Mar 21 2013 - 13:37

REPORT: Explosion hits mosque in central Damascus-Syrian TV

REPORT: Explosion hits mosque in central Damascus-Syrian TV Lebanon, news ,lbci ,أخبار central,mosque,hits,Explosion,REPORT,
REPORT: Explosion hits mosque in central Damascus-Syrian TV
Lebanon News
The Hague-based chemical weapons regulator has been asked to assist the United Nations in an investigation into a possible attack in Syria, it said in a statement on Thursday.   

The Organization for the Prohibition of Chemical Weapons (OPCW) said the allegations were serious and it would comply with the request.

Earlier, U.N. Secretary-General Ban Ki-moon announced that the United Nations will launch an investigation as requested by the Syrian government into allegations that chemical weapons were used in Syria.                     

"I have decided to conduct a United Nations investigation into the possible use of chemical weapons in Syria," Ban told reporters.               

He said the investigation will look into "the specific incident brought to my attention by the Syrian government."                      

This comes after Syria asked U.N. Secretary-General Ban Ki-moon to appoint an independent mission to investigate an alleged chemical weapons attack that the regime has blamed on rebels in northern Syria.                     

France's U.N. Ambassador Gerard Araud, who raised the issue in the U.N. Security Council late Wednesday, said the Syrian National Coalition has alleged that there was a second chemical weapons attack Tuesday in the Damascus area and it should be investigated.                     

Russia's U.N. Ambassador Vitaly Churkin, whose country has close ties with the Syrian government, accused France and its Western supporters of "launching propaganda balloons" and trying to delay an investigation of the Aleppo incident.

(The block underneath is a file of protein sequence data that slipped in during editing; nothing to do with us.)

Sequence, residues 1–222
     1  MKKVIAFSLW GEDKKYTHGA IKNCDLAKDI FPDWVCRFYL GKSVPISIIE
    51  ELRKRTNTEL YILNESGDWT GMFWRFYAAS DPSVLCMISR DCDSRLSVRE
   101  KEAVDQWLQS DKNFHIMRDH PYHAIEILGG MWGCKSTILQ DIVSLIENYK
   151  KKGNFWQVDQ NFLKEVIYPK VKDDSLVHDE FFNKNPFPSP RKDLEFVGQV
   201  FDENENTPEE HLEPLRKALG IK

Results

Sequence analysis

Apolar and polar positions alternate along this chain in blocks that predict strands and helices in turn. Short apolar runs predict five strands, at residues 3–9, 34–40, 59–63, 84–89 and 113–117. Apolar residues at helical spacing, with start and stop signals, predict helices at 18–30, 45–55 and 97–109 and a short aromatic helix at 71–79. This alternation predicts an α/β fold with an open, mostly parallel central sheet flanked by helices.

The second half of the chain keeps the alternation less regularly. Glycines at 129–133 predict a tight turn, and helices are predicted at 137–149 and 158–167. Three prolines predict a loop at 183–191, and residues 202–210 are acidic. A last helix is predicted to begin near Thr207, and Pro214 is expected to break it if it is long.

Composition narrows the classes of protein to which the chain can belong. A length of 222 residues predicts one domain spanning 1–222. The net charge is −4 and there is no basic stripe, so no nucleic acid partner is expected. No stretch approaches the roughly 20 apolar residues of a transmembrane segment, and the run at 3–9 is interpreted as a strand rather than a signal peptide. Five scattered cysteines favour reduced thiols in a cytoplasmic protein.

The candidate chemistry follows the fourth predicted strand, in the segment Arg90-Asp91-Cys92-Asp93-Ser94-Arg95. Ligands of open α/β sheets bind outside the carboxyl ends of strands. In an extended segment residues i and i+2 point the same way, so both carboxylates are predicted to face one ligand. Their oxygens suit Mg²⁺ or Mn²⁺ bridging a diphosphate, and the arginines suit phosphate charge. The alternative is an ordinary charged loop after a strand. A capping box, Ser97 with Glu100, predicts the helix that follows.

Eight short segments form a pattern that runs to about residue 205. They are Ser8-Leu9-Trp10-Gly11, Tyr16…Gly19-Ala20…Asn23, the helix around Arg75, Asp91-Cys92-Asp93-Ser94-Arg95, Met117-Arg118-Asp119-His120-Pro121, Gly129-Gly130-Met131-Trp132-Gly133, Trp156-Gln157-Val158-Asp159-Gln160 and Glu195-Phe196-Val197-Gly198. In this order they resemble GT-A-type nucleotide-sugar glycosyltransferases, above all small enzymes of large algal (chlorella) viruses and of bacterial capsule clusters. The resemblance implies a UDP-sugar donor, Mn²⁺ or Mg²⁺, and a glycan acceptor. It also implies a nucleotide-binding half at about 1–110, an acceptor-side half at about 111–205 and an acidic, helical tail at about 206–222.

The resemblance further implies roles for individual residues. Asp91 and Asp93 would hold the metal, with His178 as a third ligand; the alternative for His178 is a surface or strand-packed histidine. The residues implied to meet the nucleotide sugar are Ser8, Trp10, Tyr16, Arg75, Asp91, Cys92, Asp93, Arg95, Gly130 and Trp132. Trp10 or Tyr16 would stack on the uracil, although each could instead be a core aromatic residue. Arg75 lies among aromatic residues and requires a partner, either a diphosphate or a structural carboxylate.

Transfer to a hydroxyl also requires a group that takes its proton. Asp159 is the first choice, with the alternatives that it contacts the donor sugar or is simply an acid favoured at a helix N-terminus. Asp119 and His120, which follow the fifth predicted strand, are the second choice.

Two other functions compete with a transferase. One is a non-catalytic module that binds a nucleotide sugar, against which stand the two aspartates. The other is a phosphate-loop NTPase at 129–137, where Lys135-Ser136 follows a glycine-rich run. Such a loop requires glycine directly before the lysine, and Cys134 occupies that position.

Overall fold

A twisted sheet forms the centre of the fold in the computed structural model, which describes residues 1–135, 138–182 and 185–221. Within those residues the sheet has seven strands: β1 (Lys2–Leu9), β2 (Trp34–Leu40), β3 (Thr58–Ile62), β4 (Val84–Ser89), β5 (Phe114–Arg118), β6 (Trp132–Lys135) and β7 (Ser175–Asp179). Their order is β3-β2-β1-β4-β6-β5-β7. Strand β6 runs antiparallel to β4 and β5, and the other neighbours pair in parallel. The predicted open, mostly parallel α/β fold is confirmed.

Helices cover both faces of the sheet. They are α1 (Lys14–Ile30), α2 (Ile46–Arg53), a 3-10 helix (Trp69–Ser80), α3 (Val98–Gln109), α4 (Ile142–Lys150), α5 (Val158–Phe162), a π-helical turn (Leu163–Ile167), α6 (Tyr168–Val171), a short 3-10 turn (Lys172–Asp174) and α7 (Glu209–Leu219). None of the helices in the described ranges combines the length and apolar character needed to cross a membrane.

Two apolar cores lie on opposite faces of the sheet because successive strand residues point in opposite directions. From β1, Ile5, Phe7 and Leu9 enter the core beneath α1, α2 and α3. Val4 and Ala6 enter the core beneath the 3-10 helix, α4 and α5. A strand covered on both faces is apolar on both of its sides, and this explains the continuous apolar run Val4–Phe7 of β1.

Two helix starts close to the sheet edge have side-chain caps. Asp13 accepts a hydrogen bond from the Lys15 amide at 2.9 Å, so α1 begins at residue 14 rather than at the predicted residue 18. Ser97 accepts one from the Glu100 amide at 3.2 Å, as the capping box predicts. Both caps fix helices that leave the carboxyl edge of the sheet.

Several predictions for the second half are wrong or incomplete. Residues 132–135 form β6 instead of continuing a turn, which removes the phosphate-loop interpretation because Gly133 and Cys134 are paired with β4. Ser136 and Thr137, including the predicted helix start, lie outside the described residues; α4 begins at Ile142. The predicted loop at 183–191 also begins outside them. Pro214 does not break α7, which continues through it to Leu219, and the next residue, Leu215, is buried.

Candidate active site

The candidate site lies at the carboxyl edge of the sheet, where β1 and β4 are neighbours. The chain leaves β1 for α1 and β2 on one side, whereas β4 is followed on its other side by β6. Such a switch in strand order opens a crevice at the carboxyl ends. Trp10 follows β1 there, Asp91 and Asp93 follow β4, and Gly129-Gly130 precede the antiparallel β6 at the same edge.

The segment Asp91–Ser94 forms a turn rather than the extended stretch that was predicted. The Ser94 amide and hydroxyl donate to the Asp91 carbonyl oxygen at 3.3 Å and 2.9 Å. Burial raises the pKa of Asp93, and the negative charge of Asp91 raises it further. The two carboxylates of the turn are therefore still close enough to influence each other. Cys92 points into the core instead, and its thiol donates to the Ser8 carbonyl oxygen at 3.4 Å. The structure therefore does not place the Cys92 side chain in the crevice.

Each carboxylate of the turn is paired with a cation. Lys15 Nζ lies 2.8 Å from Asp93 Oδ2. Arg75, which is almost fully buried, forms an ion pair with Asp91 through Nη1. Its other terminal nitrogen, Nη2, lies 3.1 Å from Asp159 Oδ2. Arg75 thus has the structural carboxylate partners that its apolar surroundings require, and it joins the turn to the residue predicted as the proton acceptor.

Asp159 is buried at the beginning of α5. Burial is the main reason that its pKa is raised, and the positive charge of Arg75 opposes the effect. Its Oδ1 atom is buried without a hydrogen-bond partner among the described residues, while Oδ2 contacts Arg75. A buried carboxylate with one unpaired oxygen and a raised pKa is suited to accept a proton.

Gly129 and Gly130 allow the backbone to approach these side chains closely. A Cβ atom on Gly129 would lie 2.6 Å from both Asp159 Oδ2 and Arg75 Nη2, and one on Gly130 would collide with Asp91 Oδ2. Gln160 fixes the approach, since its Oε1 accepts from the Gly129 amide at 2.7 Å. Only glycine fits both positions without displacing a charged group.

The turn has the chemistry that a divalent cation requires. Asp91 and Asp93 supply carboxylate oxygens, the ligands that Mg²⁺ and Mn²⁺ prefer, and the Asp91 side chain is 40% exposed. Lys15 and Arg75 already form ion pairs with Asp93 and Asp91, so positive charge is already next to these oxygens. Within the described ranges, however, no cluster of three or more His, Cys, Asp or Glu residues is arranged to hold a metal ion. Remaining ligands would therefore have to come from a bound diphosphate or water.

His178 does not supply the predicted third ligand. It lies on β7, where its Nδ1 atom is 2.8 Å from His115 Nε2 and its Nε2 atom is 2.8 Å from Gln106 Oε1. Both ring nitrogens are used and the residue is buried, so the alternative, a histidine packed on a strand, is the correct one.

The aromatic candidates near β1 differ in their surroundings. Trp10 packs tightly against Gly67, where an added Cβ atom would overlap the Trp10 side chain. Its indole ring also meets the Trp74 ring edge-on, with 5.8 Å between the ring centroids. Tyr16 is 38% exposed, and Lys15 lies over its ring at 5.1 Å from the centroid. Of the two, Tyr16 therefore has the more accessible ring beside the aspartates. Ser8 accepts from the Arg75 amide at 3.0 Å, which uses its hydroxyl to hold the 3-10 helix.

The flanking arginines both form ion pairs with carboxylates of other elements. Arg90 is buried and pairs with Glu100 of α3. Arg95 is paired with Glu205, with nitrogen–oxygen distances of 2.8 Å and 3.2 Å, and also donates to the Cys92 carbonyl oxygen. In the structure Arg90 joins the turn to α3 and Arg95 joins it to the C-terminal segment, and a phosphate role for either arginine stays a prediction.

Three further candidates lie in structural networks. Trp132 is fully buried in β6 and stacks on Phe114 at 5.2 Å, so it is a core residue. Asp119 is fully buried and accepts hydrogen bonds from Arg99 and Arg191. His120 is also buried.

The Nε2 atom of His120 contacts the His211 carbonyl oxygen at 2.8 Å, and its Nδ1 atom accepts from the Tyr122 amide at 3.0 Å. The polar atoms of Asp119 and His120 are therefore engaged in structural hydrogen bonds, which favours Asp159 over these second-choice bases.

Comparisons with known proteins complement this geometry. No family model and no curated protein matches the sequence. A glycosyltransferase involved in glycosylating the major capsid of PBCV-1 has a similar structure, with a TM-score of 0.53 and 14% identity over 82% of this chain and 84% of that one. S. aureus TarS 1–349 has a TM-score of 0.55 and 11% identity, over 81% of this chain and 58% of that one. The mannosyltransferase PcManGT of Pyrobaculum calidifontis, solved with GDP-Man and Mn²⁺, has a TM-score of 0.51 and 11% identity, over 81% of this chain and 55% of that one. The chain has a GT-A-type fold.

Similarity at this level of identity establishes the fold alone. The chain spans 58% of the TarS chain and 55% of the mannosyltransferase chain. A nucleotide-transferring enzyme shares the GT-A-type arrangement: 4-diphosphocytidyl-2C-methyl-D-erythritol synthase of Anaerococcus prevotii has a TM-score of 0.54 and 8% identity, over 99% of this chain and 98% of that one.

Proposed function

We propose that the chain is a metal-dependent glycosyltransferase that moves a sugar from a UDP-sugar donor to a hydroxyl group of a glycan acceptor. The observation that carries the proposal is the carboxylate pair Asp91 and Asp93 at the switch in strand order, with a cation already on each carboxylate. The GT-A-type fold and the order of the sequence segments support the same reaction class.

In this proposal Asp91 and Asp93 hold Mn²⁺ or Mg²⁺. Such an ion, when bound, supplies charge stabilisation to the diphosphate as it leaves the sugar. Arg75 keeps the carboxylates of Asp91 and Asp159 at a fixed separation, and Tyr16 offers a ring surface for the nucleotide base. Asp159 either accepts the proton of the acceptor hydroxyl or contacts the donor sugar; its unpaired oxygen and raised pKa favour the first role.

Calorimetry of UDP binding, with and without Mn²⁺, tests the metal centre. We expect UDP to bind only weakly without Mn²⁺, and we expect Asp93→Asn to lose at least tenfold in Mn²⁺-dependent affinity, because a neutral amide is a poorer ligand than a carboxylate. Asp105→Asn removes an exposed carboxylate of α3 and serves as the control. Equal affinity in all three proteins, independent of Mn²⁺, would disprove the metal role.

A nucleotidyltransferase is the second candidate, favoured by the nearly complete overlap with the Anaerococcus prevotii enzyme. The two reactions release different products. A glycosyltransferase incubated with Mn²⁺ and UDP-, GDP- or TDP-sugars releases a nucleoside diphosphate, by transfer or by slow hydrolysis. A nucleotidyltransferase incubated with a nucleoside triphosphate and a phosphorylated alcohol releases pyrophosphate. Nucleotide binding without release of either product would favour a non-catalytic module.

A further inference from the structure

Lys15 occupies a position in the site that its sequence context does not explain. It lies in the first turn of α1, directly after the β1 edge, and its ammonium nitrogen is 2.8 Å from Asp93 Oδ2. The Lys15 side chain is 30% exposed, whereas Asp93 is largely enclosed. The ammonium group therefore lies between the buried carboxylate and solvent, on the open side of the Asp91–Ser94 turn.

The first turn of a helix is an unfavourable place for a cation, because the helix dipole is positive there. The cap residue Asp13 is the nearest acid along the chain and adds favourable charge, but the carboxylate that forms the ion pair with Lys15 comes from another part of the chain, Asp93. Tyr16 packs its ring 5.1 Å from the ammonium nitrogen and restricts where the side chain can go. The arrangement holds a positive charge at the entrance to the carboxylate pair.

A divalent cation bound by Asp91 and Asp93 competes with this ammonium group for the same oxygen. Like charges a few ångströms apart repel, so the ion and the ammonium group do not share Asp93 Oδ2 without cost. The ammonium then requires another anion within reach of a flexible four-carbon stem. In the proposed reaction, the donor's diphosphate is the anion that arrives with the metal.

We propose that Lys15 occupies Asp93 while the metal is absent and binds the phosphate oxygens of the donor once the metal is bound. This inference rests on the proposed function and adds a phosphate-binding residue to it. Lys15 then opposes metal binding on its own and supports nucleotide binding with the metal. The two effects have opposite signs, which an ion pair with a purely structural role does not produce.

Syria's U.N. Ambassador Bashar Ja'afari said he was "not aware of a second attack." He said the allegation was "set up to torpedo the investigation of the real use of chemical weapons" in Aleppo.                    
The dispute reflects the deep divisions that has prevented the Security Council from taking any action to end Syria's violence.                    

The U.S. ambassador to Syria, Robert Ford, said Wednesday the Obama administration has no evidence so far to support Syria's accusations, or that a chemical weapons attack occurred at all.                 

If confirmed, the attack would be the first time a chemical weapon was used in Syria's two-year-old civil war.                   

Meanwhile, Syrian President Bachar Assad stressed that the ongoing conflict which has lasted two years in the country is a battle of “survival and perseverance”.                   

In a statement delivered at an honoring ceremony of children who were killed as a result of the conflict, Assad called on parents to remain strong as to "safeguard Syria and the nation".                  

Assad paid a surprise visit to the Educational Center for Fine Arts to honor "the families of students who were 'martyred' as a result of terrorist acts, to honor the parents himself," the presidency said on its official Facebook page.